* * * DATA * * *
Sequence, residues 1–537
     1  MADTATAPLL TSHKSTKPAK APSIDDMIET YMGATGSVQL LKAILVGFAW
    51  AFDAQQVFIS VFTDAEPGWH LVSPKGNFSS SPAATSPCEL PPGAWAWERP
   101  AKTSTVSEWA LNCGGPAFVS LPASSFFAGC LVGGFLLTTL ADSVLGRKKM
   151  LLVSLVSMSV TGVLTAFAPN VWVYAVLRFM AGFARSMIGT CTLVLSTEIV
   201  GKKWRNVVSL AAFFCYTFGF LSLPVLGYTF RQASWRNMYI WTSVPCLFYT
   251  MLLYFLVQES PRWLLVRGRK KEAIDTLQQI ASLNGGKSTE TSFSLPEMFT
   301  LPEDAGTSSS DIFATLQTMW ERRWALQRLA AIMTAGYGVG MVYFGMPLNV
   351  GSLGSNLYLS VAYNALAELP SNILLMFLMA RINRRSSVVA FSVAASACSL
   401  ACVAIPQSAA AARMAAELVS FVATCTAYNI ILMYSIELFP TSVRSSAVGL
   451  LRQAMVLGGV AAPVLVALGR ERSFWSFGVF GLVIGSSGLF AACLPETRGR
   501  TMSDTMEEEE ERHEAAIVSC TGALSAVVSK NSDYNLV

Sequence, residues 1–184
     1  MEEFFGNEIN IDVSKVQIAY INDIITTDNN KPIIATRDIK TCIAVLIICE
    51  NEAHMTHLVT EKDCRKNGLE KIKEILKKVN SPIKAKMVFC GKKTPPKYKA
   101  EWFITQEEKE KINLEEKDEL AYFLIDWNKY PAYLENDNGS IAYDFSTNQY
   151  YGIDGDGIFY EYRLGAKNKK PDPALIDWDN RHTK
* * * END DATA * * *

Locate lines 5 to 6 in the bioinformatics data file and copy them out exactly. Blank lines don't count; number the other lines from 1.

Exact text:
   151  LLVSLVSMSV TGVLTAFAPN VWVYAVLRFM AGFARSMIGT CTLVLSTEIV
   201  GKKWRNVVSL AAFFCYTFGF LSLPVLGYTF RQASWRNMYI WTSVPCLFYT